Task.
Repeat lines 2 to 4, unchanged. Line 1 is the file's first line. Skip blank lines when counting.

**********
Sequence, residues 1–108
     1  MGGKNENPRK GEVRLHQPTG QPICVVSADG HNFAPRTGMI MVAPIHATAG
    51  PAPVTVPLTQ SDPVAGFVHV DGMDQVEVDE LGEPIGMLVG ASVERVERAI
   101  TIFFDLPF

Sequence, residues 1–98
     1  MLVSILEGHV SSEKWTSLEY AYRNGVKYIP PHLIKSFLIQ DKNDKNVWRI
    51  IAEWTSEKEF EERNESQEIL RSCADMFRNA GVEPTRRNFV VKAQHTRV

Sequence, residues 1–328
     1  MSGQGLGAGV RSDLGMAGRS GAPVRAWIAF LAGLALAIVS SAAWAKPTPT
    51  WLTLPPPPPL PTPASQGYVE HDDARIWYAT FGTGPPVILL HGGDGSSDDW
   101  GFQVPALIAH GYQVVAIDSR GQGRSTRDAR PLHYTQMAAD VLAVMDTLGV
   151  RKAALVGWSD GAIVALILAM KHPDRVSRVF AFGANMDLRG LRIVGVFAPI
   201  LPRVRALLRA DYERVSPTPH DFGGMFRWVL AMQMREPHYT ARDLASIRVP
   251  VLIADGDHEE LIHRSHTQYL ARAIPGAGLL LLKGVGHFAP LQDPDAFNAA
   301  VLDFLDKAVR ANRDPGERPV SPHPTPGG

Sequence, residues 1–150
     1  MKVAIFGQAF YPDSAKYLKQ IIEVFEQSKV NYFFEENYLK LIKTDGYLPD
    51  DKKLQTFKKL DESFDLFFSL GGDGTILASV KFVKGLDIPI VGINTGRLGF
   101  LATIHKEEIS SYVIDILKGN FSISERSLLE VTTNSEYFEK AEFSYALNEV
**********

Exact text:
     1  MGGKNENPRK GEVRLHQPTG QPICVVSADG HNFAPRTGMI MVAPIHATAG
    51  PAPVTVPLTQ SDPVAGFVHV DGMDQVEVDE LGEPIGMLVG ASVERVERAI
   101  TIFFDLPF